Our fourth day on the trail came after a euphemistically named “rest day” in Namche which involved climbing to the Everest View Hotel, approximately 440 meters in elevation gain, and back down again. It’s a technique used to help the body acclimatize to high altitude.
Day four would bring us above tree line at times and we would reach 4,200 meters by the end of the day. The morning was still clear, but a bit of haze was rolling up the valley and a few clouds clung to the highest peaks.
Today we would discover that Sagarmatha (Everest) had her own plans for us.
We headed out around 8 a.m. but Ken seemed to be struggling from the start. Lakpa set a slow and steady pace, appropriate for our sea-level abilities. By late morning, it was obvious that Ken’s condition was more serious than simply not hitting his stride. He was showing signs of Acute Mountain Sickness.
That evening we changed our itinerary so that we could sleep at a lower altitude, a step that can alleviate the symptoms of AMS. The next day, we did the same, returning to Namche in the hopes that Ken would feel better but, just like the weather which was closing in and shutting out the spectacular views, we were getting a clear message that we were no longer welcome in Sagarmatha’s domain.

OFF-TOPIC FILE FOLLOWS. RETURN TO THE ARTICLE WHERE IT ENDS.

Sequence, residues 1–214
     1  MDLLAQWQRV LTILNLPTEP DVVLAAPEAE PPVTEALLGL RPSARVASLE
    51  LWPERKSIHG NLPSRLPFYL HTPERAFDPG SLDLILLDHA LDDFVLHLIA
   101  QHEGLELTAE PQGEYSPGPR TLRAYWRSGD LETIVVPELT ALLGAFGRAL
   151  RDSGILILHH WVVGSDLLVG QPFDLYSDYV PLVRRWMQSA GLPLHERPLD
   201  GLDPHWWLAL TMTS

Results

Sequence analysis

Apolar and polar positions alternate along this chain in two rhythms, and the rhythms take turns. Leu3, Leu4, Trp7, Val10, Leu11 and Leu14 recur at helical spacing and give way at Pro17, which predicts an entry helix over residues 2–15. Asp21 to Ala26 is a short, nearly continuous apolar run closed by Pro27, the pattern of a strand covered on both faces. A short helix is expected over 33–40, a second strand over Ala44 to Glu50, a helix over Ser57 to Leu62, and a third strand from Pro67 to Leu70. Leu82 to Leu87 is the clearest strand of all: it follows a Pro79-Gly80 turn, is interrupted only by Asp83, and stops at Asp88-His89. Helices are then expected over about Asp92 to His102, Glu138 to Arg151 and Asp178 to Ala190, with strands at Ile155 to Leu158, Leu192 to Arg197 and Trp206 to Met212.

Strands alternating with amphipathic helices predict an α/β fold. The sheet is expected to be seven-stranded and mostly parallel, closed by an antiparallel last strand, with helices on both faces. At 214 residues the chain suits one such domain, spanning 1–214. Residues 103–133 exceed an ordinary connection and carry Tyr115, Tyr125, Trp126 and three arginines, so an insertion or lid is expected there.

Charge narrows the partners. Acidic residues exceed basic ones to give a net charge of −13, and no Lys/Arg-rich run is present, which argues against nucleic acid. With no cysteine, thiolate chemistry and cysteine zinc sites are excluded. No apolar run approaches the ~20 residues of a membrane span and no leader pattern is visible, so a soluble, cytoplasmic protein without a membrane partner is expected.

On day six, with no improvement in Ken’s condition, we requested a helicopter evacuation to Kathmandu so that he could get medical attention for his AMS and a serious sinus infection that had developed at the same time.
The Sherpa people believe that Sagarmatha, the name they call Mount Everest, has her own designs and she will be respected. I believe that she chose to only show us her beauty from afar, on the first few days of our trek, and then she turned us away, putting an end to our trekking adventure.
3 thoughts on “And then Everest said enough”
Désolée Anne-Marie. J’espère que Ken va mieux.
Oui il va mieux, merci Luce.
So sorry to hear this, but you made the right decision for sure! Sending hugs to you both!